Infinite Possibility

In 2017, visitors to Tate Britain’s Duveen Gallery found it transformed. Suspended along the ceiling was 2km of tangled neon: Forms in Space… by Light (in Time) (2017) by the Welsh-born conceptual artist Cerith Wyn Evans (b. 1958). The installation had the sweet allure of spun sugar and the mystery of movement traced in light. The more that one looked at this complex assembly, the more there was to see, as shapes and lines emerged from an apparently chaotic mass, then converged and parted ways before meeting again in an urgent, poetic dance.

Whilst this work was created as a site-specific commission for Tate, the same approach runs throughout the work of Wyn Evans, who began his career as an experimental filmmaker, but since the 1990s has concentrated on experiential artworks that use light, space, sound and time to probe our perceptual relationship with the world. A new exhibition of his recent work, Aspen Drift, opens at Aspen Art Museum (AAM) in Colorado in June. It’s the artist’s first show at an American museum in 17 years and will feature installations, sculptures, paintings and works on paper.

If the notion of “drift” alludes to the snow that characterises Aspen’s landscape, it’s also an ongoing preoccupation in Wyn Evans’s work: a reflection on our state of being. Viewers are invited to drift through the show, alighting on meaning through chance encounter. Music, movement, literature and astronomy are all sources of inspiration to the artist. The labyrinthine structures of Neon Forms (after Noh), inspired by the choreography and notation of traditional Japanese Noh Theatre, invite a visual search for patterns. The sound work D=U=E=T (in other districts of sense) (2017) recalls the shifting frequencies of radio signals. Elsewhere, in StarStarStar/Steer (Transphoton) (2019) visitors are surrounded by monumental towers of light, whilst in S=U=T=R=A (2017) two captivating and delicate murano glass chandeliers dangle.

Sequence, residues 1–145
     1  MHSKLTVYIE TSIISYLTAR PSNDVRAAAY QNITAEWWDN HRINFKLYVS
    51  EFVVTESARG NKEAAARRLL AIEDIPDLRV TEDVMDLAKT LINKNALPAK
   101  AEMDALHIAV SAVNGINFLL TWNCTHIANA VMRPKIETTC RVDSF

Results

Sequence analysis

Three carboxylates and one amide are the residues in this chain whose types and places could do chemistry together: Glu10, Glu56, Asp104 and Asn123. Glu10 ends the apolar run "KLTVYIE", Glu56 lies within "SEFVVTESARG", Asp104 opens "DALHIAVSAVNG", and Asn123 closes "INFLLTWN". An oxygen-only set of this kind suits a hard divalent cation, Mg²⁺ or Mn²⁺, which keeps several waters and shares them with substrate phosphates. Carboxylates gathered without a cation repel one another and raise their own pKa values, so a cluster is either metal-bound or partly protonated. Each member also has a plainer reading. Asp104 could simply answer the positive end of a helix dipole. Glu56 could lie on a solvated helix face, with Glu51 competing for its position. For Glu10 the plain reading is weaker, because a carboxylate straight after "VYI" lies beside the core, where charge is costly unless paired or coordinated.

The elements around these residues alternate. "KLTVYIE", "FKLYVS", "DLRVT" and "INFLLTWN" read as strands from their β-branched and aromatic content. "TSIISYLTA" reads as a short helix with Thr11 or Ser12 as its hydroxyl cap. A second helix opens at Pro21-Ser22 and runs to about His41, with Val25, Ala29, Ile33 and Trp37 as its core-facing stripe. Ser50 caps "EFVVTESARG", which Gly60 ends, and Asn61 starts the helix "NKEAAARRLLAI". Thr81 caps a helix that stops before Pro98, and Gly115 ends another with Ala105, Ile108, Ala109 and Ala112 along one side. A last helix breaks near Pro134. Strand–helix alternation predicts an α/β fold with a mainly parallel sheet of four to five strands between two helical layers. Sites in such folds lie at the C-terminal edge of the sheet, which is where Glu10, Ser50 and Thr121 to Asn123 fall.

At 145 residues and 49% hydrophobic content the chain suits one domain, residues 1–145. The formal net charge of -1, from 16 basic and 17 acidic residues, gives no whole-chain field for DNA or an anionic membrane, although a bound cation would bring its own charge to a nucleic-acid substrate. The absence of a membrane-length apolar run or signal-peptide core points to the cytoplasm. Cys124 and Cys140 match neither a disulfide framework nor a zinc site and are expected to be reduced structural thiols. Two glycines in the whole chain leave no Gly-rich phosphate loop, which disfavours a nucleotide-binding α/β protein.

Wyn Evans, who won the Hepworth Prize in 2018, directs us to French philosopher Michel Foucault’s (1926-1984) idea of an “Illuminating Gas”, which Foucault described in terms of “…a formless anxiety, diverging yet centrifugal, directed not toward the most withheld secrets but toward the imitation and the transmutation of the most visible forms: each word at the same time energised and drained, filled and emptied by the possibility of there being yet another meaning, this one or that one, or neither one nor the other, but a third, or none.” In their kinetic flow, their mesmerising glow, these works reveal the infinitude of possibility.

Aspen Drift opens 10 June. Find out more here.

Words: Rachel Segal Hamilton

Image Credits:
1. Cerith Wyn Evans ‘No realm of thought… No field of vision’, White Cube Bermondsey, 7 February-3 August 2020 © Cerith Wyn Evans. Photo © White Cube (Ollie Hammick)
2. Cerith Wyn Evans, ‘No realm of thought… No field of vision’, White Cube Bermondsey, 7 February-3 August 2020. © Cerith Wyn Evans. Photo © the artis